1. Basso Continuo
J.S. Bach and F.J. Haydn;
Wolfgang Amadeus, too …
Why was their music so serene,
those strings all soaring, right on cue?
They held almost a century
of Europe in a sort of stasis,
the airiness of metaphysics
stored inside the violin cases.
A war or two at the beginning
and something wilder at the end
but, in between, the great musicians
implied that borders would not bend,
that roads were free of all banditti,
that Voltaire had no fight with God.
They hoped their pasty dukes and princes
would keep on giving them the nod
as court composers, Kappellmeisters,
prodigies on harpsichord,
masters of the upward strings.
Their many masses praised the Lord
and also all the minor ones
whose powers the Christian one approved
Special trumpets sang their advents
and notably improved their mood
since patrons pay for reassurance.
One likes one’s age to be serene … as strings play on in
dreaming of the guillotine.
2. Il Stupendo
How inadequate they seem,
each purple-sheened superlative!
If one considers them too hard
they’ve clearly not got much to give.
‘Impressive’ means just ‘leaves a mark’,
a footprint on an empty beach;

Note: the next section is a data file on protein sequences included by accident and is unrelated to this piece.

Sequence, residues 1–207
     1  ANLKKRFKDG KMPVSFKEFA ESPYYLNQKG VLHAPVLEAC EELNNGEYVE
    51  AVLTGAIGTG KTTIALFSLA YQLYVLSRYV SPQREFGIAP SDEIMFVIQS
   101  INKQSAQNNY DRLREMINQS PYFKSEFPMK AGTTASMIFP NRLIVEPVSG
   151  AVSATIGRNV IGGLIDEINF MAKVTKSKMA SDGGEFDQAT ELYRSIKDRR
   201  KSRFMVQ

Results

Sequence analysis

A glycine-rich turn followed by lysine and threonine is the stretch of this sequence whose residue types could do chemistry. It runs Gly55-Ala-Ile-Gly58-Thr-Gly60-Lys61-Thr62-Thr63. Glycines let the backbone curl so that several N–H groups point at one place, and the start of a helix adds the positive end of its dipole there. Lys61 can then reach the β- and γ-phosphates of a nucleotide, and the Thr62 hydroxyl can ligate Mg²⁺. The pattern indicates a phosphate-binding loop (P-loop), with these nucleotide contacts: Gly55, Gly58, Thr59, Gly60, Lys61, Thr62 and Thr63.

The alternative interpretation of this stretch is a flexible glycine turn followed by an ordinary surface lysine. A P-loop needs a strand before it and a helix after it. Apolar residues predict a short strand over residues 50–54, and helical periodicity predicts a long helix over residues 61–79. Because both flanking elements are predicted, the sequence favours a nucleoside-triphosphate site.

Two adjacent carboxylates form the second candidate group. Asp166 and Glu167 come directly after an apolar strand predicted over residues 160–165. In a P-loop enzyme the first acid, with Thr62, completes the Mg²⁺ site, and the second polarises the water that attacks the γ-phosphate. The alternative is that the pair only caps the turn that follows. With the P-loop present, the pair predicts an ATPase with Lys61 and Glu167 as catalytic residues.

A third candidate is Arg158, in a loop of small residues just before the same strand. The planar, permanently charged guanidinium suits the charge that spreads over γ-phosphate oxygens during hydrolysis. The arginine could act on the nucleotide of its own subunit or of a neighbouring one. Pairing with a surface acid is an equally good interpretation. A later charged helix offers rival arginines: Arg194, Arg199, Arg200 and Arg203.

‘Remarkable’ says very little;
‘remarks’ are hardly out of reach.
‘Notable’ does not quite do it—
I ‘note’ I’ve not done much today.
For ‘Stunning’ to become ‘Impressive’
it needs to wear a negligée.
‘Outstanding’ merely tells one how
the competition all fell short.
‘Brilliant’ is a trick of light,
evanescent as a thought.
‘Beautiful’ is ‘in the eye’;
‘Transcendent’ calls for disbelief.
‘Exemplary’ smells of discipline.
‘Eternal’ can be rather brief.
‘Prodigious’ comes from ‘prodigy’,
a small boy typing way too fast.
‘Perfect’ is impossible.
‘Sublime’ is heavy with its past.
With ‘Peerless’ and ‘Pre-eminent’
one needs to read the also-rans.
How wearying they’ve all become,
the bigger-, better-, bolder-thans!
Or so I am inclined to think.
Superlatives no longer sing—
though synonyms for ‘Mediocre’
are, of course, another thing.
Copyright Geoff Page 2011